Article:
FactsIn this case a pension plan participant died leaving behind a pension plan benefit. The plan provided that the participant could designate a primary beneficiary and a secondary beneficiary. In this instance, the plan participant did designate his wife two times, but he did not designate a secondary beneficiary. His wife died before him. When the participant died, he was survived by two step sons who claimed to be close to the participant. However they were never adopted nor designated as beneficiaries.

The plan had a provision stating that if there is not a valid beneficiary designated at the time of the participant’s death then the money would go first to the surviving spouse, second to surviving children, third to surviving parents, fourth to the surviving brothers and sisters, and fifth to the executor administrator of the members estate. In this instance the money was disbursed to the surviving brothers and sisters of the participant.


The trial court ruled for the two step sons who claimed they were equitably adopted and were very close to the participant as if they were his real children. They also argued that the term “children” in the plan was broad enough to include step children. The 5th Circuit however reversed finding that the trial court should have analyzed this matter using three factors regarding any plan interpretation issue under ERISA which are:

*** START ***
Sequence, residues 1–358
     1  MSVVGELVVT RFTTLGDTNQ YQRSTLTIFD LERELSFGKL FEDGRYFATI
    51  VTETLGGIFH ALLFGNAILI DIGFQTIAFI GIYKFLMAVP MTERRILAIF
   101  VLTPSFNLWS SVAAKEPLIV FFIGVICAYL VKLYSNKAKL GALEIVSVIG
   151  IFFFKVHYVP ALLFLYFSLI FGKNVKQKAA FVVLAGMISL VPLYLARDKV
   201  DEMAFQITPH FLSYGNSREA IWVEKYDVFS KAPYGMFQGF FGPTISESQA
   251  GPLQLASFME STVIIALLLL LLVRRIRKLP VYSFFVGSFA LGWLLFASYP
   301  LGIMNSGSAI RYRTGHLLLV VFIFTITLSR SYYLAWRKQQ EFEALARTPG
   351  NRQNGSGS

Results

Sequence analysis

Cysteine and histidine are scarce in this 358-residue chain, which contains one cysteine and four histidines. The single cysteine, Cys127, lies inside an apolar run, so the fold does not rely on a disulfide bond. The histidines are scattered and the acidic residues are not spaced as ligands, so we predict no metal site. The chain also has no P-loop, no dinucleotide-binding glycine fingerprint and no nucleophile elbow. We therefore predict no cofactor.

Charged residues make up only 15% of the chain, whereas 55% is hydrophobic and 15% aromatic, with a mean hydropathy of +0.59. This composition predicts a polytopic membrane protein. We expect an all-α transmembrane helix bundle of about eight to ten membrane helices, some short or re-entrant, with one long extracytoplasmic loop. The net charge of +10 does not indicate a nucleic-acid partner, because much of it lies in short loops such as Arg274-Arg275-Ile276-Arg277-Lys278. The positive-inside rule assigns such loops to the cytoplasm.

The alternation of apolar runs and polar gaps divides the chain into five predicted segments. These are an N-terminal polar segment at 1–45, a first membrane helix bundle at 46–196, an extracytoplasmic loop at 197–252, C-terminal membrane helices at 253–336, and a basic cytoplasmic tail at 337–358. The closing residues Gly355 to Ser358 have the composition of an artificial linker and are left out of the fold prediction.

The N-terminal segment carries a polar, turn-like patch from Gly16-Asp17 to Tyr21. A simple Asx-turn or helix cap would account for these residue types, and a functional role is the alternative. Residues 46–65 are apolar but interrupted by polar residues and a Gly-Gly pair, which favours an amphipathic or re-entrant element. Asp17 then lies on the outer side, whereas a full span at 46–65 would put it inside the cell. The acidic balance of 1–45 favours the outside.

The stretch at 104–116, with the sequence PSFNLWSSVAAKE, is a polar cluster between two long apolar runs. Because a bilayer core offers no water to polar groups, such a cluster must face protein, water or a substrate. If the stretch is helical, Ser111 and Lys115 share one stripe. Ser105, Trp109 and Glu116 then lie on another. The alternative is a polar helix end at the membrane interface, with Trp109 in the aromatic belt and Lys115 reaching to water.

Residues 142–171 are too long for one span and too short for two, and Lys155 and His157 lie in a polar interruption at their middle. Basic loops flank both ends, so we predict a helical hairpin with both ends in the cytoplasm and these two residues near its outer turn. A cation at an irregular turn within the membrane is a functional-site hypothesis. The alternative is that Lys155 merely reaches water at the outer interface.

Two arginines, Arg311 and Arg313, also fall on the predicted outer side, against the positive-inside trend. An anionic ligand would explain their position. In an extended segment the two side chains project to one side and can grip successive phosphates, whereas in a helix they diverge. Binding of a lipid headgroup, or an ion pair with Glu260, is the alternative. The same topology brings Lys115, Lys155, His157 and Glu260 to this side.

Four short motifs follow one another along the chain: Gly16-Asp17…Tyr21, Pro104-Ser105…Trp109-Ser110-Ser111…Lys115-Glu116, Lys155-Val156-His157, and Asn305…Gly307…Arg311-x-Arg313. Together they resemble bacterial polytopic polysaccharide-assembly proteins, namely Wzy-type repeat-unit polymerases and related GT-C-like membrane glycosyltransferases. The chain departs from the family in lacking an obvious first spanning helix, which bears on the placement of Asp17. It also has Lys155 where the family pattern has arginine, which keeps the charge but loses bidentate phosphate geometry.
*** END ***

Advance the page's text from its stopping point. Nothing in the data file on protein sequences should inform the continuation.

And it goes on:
1. Whether the plan administrator had given the plan a uniform construction;
  2. Whether the pan administrator’s interpretation is consistent with a fair reading of the plan;
  3. Whether different interpretations of the plan would result in unanticipated costs.

The 5th Circuit held that an analysis using these factors revealed no error in the plan administrator’s interpretation. The court noted that many plan participants would not necessarily expect step children to benefit from the plan and that the plan administrator was properly focused on providing a uniform interpretation that would avoid unanticipated costs such as investigatory costs. The court also found that the doctrine of equitable adoption had no broader application than in an estate matter. It did not create a legal parent/child relationship. The trial court’s decision was reversed. The step sons lost.

Lessons Learned

The Courts give broad discretion to a plan administrator usually. This right to interpret the plan will be in most plan documents. When you have a denied pension claim request the full plan document and the summary plan description. Look for inconsistencies. Also compare the reasons for denial of your claim with other cases. In the 5th Circuit you will need such evidence. This case sets out the distinct factors that are used in a plan interpretation matter.